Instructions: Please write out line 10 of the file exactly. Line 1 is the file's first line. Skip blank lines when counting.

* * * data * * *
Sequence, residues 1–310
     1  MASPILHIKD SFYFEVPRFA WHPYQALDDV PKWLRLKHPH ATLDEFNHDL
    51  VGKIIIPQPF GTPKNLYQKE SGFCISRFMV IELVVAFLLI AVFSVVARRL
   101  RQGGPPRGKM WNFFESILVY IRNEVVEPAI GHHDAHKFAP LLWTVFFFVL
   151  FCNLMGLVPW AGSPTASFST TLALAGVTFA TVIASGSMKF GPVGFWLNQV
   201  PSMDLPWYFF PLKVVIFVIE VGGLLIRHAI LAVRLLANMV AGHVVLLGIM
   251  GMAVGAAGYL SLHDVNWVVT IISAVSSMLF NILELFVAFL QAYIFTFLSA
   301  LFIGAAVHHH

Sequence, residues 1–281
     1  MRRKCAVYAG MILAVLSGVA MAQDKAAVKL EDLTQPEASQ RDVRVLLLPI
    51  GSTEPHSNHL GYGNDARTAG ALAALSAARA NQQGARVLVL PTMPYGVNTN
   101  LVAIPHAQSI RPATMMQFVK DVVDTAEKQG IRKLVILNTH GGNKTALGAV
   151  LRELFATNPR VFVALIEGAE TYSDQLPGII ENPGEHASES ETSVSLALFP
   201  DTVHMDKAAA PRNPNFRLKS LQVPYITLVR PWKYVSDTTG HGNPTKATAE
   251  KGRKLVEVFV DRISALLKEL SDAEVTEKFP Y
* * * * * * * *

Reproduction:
     1  MRRKCAVYAG MILAVLSGVA MAQDKAAVKL EDLTQPEASQ RDVRVLLLPI